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How to present your portfolio presentation

How to make a portfolio presentation



This article covers


  1. Why Portfolios Presentations are important
  2. Physical & technical requirements
  3. Who can make a presentation
  4. Preparing a Photographers Statement
  5. Samples of good and bad Photographers Statements











Firstly, They give you feedback on what others think of your work or how they may have handled the subject. In some cases you may disagree with the comments, but normally the comments are highly useful.


Secondly, They show other members what forms of photography interest you and how you interpret your subject.



Within the Foundation there are many highly skilled members who are happy to critique photography. One of the objectives of the Foundation is build up the willingness and ability of members to freely comment and offer their opinions. You can help this process by asking and encouraging people to comment. We need to break down the reluctance to comment, and turn this element of the meeting into an exciting and informative period. This process will make you and everyone else a better judge of photography and in turn better photographers.


We hope that you will find this viewing period positive, informative and rewarding.











For some it will be a challenge to show 3-4 prints made on the office printer and that is fine.  We all start somewhere.

You are free to choose whatever prints you would like to display.  However it is recommended that the work represents a developed body of work on a set theme or idea. An assortment of prints showing differing styles or genre is of less value. 


The Portfolio Presentation gives you the oportunity to show what stage of photographic skill you have reached and your area of interest. Participation is more important that perfection.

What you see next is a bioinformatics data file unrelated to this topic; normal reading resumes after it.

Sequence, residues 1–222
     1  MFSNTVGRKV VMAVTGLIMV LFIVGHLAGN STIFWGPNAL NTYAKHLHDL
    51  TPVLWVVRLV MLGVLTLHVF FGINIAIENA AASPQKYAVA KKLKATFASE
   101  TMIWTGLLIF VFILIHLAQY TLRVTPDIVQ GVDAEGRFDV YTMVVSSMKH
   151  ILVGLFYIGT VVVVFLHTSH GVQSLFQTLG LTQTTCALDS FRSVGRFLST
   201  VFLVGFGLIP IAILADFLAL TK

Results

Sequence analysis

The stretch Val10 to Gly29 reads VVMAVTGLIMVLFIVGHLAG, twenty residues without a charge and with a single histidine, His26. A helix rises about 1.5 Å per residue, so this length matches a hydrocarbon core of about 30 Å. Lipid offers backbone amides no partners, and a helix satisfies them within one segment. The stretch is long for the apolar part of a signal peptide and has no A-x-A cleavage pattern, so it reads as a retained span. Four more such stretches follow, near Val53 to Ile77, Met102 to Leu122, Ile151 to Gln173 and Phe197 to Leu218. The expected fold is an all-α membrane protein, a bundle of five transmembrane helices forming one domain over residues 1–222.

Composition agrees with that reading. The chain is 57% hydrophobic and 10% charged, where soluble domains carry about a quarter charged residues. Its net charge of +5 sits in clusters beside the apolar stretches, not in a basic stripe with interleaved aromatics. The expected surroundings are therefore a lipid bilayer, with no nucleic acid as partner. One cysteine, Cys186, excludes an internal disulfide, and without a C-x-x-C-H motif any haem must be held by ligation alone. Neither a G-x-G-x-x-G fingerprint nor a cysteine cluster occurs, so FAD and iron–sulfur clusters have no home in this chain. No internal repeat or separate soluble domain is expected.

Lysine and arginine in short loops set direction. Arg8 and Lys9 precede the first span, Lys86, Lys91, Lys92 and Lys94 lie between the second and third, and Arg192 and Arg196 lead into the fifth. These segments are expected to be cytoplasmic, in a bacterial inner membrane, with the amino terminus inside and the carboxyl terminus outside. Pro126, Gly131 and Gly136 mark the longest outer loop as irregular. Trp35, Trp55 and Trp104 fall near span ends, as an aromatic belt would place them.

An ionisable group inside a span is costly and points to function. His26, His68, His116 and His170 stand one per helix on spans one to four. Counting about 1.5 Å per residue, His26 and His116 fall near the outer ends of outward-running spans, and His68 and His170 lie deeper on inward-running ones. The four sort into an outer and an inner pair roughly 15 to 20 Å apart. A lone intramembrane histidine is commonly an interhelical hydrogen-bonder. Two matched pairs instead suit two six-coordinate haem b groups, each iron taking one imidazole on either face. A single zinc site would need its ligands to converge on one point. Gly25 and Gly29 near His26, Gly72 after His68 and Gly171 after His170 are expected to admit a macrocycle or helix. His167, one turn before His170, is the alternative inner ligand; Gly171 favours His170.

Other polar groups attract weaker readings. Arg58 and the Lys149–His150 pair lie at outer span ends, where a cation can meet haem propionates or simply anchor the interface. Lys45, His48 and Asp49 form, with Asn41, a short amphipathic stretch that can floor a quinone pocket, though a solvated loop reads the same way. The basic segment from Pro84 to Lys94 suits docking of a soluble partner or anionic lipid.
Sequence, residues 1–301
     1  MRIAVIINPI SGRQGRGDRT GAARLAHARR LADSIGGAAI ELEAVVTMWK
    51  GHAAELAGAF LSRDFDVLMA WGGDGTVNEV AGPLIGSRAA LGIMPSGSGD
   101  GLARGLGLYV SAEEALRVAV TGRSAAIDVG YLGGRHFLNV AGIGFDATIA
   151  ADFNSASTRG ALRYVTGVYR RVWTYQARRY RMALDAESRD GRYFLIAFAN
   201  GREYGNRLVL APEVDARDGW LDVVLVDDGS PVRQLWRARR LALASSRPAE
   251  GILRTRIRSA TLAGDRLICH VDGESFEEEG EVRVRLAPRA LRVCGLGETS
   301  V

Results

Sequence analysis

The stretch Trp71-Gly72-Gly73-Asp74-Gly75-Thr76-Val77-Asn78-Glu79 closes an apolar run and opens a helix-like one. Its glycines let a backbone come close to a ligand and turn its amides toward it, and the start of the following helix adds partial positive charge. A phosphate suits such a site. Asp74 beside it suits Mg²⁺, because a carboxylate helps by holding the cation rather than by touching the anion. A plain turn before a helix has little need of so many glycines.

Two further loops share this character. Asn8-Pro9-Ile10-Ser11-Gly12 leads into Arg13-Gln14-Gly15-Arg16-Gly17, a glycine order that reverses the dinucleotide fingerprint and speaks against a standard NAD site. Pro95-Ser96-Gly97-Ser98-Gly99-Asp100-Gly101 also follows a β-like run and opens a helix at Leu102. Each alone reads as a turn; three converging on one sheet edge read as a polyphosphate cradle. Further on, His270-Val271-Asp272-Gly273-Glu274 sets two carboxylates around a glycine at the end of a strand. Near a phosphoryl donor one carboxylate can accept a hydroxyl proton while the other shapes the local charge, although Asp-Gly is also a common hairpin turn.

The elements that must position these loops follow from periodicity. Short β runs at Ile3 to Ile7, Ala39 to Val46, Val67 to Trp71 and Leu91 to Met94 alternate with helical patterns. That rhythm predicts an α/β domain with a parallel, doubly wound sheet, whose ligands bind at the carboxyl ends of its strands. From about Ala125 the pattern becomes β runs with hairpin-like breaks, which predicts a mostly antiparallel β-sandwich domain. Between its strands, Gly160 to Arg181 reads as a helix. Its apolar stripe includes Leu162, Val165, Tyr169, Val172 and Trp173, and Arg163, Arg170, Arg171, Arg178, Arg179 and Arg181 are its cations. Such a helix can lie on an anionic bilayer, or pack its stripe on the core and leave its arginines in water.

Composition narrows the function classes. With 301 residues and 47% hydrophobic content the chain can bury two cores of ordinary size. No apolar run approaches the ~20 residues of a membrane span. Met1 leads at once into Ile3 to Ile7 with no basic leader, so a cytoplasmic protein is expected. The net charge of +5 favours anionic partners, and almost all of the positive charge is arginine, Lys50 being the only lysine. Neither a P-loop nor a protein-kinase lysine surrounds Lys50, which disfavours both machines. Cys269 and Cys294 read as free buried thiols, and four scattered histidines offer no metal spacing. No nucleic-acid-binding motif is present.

Your work will be set up on panels approximately 2m high x 1m wide. You can choose to sit your work in an aluminium track, or pin them on foam boards. Prints may be of any quality, on whatever paper you choose. If possible they should be matted (heavy cardboard with a hole cut approx same size of image - protects and supports image), but that is not essential.Images may be of any size and ideally your work will cover at least one panel. 4 to 8 prints are usually ideal. If you wish to exceed one panel please do so.


If you wish to show the images digitally bring your own laptop.



                  Please arrive by 7pm to ensure your

work is on display at 7.15pm.


After the welcome all exhibitors will be asked to introduce their work. This is basically a 1-2 minute introduction on what your photographic objectives were and how you achieved them. This is also known as a Photographers Statement, common to fine art students and galleries. Some tips are included below.


Following your introduction, everyone will be given a glass of wine to encourage a leisurely viewing. During this time, please stay alongside your work. There will be no judging, however our guest speaker will inspect all the works and provide a "Photo Review".  


Again I stress, please encourage members to actively discuss and comment.  If need be ask them what do they think? How would they have captured the image? We need to encourage active participation in this part of the evening.








Each month members will be invited to display their works. This will be rotated through the club so that all members have a chance. However if you have a portfolio you wish to display please feel free to ask the President.

In addition to the Portfolios you are always welcome to present prints taken at CPF events over the last month.

As the Foundation grows, and standards rise the opportunity to present is likely to become more competitive. Some selection process may be required. Ultimately we hope that we reach a stage where photographers submit proposals to a selection panel. While this may result in an elitist approach, there will always be a section open to first time exhibitors and space will always be available for beginners, invited guests and new members.